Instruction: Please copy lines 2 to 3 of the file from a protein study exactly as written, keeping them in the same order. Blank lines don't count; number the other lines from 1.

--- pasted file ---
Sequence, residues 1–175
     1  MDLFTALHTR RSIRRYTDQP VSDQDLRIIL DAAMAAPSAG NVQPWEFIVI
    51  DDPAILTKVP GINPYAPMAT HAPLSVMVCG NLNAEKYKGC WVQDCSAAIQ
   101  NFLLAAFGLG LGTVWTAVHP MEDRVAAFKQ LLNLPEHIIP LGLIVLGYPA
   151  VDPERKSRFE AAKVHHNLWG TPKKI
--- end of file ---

     1  MDLFTALHTR RSIRRYTDQP VSDQDLRIIL DAAMAAPSAG NVQPWEFIVI
    51  DDPAILTKVP GINPYAPMAT HAPLSVMVCG NLNAEKYKGC WVQDCSAAIQ